No10’s scientists said it could trigger up to 20,000 hospital admissions per day in a worst-case scenario. January’s peak, which nearly crippled the NHS, was around 3,800 a day in England.

A Warwick University modelling team cautioned that if it was 40 per cent more transmissible the next surge could be worse than the second wave, with up to 6,000 daily admissions, and a 50 per cent increase could lead to 10,000 per day.  

Bolton councillor Andy Morgan, who also runs a care home, told the Guardian the council had written to its care homes to ask them not to follow the roadmap.

‘The Government have said care homes can increase visits to five named people from Monday,’ he said.

‘But we in Bolton have given guidance to our care homes saying we don’t think they should implement that guidance and should stick to two named people for at least the next two weeks until we know what’s going on with the variants.’

There are 35 care homes for older adults in Bolton, according to the council’s website, with space for more than 1,000 people.

All residents have been offered at least one dose of the Covid vaccine, which early studies suggest protects against the Indian variant.

The requested ban on visits will lead to more heartbreak for many families, who have been unable to see much loved relatives for a year due to Covid restrictions. 

Labour MP for Bolton South East, Yasmin Qureshi, told the newspaper she was against the clampdown on care homes.

‘I don’t want any more imposition, but I think I would suggest that people voluntarily exercise their own judgement,’ she said. 

Lockdown-easing plans on May 17 will also see residents allowed to go for medical appointments, day centres, a workplace and educational settings without needing to self-isolate.

Minister for care, Helen Whately, said announcing the easing: ‘Thanks to the phenomenal success of the vaccine roll out and a reduction in cases across the country, I am pleased we can now take another step towards getting back to normal.’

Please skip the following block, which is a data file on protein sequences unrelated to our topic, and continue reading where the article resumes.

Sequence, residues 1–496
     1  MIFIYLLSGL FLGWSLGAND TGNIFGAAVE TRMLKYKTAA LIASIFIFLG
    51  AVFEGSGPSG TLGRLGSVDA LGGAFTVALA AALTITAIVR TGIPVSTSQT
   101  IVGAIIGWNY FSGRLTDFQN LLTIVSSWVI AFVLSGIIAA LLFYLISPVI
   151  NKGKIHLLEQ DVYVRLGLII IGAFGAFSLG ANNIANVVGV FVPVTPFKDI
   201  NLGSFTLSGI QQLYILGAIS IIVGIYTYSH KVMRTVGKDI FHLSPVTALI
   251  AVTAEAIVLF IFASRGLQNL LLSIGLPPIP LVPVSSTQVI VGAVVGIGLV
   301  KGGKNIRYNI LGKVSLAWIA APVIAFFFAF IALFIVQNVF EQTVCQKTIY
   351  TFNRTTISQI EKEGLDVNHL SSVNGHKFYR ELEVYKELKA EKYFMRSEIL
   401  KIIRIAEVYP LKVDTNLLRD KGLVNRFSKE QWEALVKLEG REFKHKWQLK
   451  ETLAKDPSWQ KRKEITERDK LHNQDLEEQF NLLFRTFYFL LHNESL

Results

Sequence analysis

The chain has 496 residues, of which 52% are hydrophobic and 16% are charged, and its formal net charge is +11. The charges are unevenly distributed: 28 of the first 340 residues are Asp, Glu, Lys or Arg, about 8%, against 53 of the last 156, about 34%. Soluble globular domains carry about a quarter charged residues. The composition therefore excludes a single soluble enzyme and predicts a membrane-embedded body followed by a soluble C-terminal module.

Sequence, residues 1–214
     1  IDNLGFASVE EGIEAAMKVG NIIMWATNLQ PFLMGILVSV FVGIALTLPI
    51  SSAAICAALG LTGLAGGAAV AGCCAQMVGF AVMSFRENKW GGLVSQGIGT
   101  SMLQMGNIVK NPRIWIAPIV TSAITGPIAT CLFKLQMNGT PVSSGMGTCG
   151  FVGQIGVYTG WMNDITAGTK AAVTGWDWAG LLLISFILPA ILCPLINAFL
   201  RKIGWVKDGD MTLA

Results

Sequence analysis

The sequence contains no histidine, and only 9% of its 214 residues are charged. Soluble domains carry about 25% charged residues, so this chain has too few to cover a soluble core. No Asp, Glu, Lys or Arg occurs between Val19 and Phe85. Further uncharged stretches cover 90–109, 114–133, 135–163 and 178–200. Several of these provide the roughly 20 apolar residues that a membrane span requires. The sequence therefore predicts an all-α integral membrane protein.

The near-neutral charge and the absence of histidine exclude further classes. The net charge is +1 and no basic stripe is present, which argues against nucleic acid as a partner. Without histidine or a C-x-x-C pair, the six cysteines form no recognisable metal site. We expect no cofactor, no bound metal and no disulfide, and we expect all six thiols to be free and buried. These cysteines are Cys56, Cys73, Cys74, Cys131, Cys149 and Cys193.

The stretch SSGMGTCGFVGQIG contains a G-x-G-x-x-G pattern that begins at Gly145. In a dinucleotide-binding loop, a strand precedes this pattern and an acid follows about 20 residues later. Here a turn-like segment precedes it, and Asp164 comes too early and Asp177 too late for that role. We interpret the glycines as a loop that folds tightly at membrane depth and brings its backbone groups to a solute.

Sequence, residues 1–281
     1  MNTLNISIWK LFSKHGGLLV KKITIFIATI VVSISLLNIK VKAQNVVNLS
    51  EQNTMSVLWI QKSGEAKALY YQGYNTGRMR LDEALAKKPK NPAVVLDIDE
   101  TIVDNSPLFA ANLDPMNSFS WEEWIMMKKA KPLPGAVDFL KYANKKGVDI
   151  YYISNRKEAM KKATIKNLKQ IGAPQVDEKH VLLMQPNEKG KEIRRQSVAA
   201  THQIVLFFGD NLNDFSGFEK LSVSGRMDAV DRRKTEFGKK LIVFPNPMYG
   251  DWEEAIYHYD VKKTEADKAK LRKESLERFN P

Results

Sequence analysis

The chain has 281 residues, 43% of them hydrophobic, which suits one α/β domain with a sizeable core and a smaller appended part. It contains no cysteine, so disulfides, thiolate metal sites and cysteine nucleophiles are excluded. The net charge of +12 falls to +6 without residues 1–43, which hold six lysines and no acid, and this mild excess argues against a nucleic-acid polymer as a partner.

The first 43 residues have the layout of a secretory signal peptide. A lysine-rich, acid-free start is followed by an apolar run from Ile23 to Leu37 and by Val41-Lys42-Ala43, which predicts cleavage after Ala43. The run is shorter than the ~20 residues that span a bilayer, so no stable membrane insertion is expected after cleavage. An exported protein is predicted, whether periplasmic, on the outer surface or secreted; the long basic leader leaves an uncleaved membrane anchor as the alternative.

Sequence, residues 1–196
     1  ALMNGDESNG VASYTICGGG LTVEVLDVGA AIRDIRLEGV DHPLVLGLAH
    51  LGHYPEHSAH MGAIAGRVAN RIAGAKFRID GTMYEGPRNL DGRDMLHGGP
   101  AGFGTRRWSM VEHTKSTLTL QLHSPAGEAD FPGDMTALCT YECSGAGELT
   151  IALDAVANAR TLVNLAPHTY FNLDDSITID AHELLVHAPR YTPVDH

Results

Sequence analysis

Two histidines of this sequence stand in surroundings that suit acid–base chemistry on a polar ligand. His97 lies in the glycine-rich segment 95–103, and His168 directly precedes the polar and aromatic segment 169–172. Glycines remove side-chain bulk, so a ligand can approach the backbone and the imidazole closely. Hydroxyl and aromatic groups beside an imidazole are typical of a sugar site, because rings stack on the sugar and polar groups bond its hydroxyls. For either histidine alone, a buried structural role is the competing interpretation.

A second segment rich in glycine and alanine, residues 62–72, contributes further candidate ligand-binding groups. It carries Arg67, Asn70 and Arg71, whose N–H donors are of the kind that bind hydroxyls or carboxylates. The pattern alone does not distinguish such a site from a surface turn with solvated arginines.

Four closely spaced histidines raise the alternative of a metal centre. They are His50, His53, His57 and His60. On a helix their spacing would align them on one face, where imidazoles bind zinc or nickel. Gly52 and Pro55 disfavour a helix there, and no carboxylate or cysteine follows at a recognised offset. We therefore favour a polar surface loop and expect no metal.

Several schools in Bolton have already asked pupils and staff to keep wearing face masks, Bolton’s assistant director of public health, Lynn Donkin, told Manchester Evening News.

‘We’ve been talking to a number of our schools and a number of them have reached out to us actually and they’ve said they want to continue with face coverings,’ she said.

‘We absolutely support them in that approach.’

Bury council has also sent letters to its schools asking them to keep using face masks until further notice.

Its message read: ‘Following discussions at the Health Protection Board and with Bury’s local director of public health, Bury Council is asking schools to retain the use of face coverings, as per current arrangements, until further notice.’

PHE data revealed yesterday that Bolton had the biggest spike in infections in the country last week, after cases leapt from 85.2 to 187.8 per 100,000 residents. This was also the highest infection rate in England.

Sanger Institute data showed the Indian variant is now dominant in Bolton, with fears it may be behind the spiralling case rates.

Surge testing has already begun in 15 towns including Bolton and Formby and ministers last night approved plans aimed at slowing the spread of the imported strain of Covid.

Ten million over-50s are set to be offered their second doses earlier, because they are at higher risk from the virus.

Vaccines Minister Nadhim Zahawi confirmed that England’s roll-out would ‘flex’ to tackle emerging outbreaks of the virus and to ensure the roadmap continues as planned.

He insisted that the jab could control the impact of the virus strain which has led to hundreds of thousands of deaths in India.

Step 4, involving the almost complete end to Covid restrictions, is due to take place on June 21 if there are no setbacks.

Greater Manchester mayor Andy Burnham has called for all over-16s in the area to be offered Covid vaccines as soon as possible.

Blackburn and Darwen council also pushed forward plans to get vaccines to over-18s yesterday. But they were derailed by Government ministers, who said the area had to stick to the JCVI-approved age-based roll-out.